Survival, expenditure and disposition in patients following out-of-hospital cardiac arrest: 1995–2013

Shaker M Eid, Marwan S. Abougergi, Aiham Albaeni, Nisha Chandra

Research output: Contribution to journalArticlepeer-review

12 Scopus citations


Aims To investigate trends in survival to hospital discharge, in-hospital expenditures, and post-acute-care disposition following out-of-hospital cardiac arrest (OHCA) in the United States. Methods We performed this nationwide serial cross-sectional study using data from the National Inpatient Sample on all patients (age >18 years) hospitalized with OHCA between January 1, 1995, and December 31, 2013. Our main outcome measure was survival to hospital discharge. We fitted multivariable regression models with survival, in-hospital expenditures, and post-acute-care disposition as our dependent variables. Results Of 247,684 patients included in this study, 58.8% were men; mean age was 67 years. Overall trend of survival to discharge was unchanged (Ptrend = 0.56) but a non-significant linear trend increase (49.9% [95% CI, 39.8%–60.0%] in 1995 to 54.0% [95% CI 46.3%–61.8%] in 2013) was noted. Survival improved for patients with VF arrest rhythm but not for those with non-VF arrest rhythm. Increasing age, female gender, non-Caucasian race, high comorbidity burden, non-private primary insurance, non-VF-arrest rhythm and weekend arrest were all negatively associated with neurologically-intact survival. The cost of hospitalization increased from $18,287 ($683) in 2001 to $21,092 ($514) in 2013 at an average annual rate of $261 (Ptrend < 0.001). No change in post-acute discharge disposition was observed except for transfer to a short-term hospital (Ptrend < 0.01). Conclusions Overall survival to discharge following out-of-hospital cardiac arrest remained static between 1995 and 2013. Renewed national efforts are needed to warrant better knowledge translation and wider implementation of the best available science in order to improve outcomes.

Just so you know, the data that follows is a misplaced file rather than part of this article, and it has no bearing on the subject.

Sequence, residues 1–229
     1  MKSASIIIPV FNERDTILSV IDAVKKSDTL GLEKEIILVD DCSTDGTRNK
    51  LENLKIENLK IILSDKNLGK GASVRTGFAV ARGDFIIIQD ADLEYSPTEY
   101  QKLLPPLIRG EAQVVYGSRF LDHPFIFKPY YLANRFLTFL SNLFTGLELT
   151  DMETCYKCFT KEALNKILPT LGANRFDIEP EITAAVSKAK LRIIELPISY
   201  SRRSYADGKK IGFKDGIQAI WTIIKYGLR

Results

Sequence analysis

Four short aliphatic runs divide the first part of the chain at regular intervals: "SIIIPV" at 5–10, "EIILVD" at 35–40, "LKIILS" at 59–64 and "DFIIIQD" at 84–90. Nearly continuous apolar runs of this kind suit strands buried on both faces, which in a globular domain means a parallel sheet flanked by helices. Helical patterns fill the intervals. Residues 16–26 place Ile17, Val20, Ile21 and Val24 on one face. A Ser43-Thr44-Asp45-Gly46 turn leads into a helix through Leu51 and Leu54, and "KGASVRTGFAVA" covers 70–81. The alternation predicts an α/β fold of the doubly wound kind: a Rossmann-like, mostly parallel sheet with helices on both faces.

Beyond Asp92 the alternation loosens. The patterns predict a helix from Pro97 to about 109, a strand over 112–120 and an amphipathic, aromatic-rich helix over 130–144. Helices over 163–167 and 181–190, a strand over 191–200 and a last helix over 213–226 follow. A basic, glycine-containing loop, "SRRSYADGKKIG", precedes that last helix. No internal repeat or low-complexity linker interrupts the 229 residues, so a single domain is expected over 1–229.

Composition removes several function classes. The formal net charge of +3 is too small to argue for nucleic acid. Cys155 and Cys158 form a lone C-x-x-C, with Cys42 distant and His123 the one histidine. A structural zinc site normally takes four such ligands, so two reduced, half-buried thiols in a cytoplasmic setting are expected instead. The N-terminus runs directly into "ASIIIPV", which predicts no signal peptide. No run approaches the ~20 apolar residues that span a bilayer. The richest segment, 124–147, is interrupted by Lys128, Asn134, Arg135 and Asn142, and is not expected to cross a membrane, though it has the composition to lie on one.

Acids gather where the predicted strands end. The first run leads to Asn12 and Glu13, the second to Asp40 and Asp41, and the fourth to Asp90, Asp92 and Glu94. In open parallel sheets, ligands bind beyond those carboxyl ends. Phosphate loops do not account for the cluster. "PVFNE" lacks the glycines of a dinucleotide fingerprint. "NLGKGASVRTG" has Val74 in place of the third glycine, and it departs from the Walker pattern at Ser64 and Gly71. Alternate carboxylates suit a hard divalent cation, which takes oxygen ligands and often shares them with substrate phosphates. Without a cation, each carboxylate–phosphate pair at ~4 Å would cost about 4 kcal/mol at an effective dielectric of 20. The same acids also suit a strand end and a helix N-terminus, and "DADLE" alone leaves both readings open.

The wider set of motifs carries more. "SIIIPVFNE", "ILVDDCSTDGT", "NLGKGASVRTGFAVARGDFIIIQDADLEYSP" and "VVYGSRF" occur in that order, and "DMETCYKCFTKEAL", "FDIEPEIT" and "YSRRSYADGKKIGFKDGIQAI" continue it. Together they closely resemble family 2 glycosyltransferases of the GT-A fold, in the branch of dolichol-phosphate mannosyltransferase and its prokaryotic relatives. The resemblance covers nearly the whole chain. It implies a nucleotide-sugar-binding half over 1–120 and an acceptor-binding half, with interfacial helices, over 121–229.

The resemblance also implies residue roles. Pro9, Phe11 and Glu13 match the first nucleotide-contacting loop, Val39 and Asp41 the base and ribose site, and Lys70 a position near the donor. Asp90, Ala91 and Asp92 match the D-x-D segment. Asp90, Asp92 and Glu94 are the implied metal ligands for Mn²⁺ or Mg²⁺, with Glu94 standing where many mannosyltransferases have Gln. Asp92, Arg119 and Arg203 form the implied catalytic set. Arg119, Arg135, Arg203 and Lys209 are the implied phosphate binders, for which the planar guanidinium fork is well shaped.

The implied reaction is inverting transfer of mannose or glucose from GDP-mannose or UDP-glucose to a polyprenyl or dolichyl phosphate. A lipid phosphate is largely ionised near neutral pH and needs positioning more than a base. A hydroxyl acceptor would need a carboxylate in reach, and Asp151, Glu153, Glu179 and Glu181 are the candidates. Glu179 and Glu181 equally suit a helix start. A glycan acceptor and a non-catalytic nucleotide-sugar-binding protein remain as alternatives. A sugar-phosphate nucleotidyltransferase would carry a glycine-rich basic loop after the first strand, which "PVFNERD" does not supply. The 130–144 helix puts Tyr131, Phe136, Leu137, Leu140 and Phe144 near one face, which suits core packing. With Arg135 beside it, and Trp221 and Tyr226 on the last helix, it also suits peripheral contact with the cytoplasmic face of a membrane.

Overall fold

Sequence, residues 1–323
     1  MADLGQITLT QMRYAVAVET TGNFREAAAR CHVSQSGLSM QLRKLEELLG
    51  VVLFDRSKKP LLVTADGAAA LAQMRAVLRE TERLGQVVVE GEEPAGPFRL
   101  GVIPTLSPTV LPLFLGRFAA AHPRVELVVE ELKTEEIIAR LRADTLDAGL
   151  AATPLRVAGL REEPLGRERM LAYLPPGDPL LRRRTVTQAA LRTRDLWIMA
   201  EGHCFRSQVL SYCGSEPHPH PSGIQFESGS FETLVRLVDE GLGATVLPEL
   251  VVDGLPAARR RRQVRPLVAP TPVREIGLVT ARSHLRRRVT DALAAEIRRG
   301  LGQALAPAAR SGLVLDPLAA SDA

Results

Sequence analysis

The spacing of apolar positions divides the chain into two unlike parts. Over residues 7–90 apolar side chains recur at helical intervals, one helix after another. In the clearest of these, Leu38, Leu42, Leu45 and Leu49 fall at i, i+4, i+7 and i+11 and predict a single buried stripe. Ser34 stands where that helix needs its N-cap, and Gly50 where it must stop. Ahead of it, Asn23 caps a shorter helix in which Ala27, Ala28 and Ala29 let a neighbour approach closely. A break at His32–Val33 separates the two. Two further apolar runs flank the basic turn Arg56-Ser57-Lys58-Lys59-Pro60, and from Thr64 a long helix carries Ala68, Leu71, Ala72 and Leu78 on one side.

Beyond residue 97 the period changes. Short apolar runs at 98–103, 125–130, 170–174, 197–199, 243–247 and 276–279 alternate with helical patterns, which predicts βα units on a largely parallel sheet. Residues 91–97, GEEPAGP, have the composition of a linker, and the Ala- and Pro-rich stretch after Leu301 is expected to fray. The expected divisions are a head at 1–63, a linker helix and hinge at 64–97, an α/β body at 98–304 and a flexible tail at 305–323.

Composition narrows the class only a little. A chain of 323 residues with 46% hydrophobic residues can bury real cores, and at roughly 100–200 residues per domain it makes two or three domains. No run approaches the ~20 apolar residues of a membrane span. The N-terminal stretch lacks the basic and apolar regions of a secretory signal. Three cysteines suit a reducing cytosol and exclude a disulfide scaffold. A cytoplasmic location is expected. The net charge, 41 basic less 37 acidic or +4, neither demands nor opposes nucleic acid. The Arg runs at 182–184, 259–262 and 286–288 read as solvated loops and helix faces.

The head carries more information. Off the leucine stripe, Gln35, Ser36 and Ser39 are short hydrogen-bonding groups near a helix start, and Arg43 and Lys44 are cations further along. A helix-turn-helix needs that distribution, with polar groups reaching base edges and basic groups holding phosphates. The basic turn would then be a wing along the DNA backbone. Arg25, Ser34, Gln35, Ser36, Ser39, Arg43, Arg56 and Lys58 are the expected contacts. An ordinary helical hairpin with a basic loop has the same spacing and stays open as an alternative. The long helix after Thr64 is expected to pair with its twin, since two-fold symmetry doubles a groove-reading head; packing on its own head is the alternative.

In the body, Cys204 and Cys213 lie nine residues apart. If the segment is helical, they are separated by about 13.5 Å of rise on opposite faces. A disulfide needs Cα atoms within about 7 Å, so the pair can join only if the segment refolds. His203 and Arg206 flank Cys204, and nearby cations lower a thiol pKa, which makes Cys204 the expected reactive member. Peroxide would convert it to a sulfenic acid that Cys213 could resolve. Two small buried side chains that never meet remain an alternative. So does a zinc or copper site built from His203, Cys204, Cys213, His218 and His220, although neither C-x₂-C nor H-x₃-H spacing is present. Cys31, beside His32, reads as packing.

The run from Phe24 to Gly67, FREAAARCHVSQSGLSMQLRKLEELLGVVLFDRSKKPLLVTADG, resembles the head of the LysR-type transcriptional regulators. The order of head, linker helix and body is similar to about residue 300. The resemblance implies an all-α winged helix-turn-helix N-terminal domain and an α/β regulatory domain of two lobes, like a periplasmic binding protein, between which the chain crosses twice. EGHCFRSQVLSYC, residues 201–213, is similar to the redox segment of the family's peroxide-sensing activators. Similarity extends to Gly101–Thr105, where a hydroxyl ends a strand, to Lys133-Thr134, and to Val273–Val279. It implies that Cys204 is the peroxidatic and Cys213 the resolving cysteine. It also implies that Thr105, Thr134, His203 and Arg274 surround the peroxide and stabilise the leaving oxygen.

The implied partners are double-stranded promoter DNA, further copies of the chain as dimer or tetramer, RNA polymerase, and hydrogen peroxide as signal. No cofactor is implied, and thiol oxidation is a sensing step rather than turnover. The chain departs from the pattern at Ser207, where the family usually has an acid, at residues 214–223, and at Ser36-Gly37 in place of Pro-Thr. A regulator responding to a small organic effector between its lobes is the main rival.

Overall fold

Original languageEnglish (US)
Pages (from-to)13-20
Number of pages8
StatePublished - Apr 1 2017


  • Cardiac arrest
  • Cardiopulmonary resuscitation
  • Healthcare utilization
  • Outcomes
  • Survival

ASJC Scopus subject areas

  • Emergency Medicine
  • Emergency
  • Cardiology and Cardiovascular Medicine


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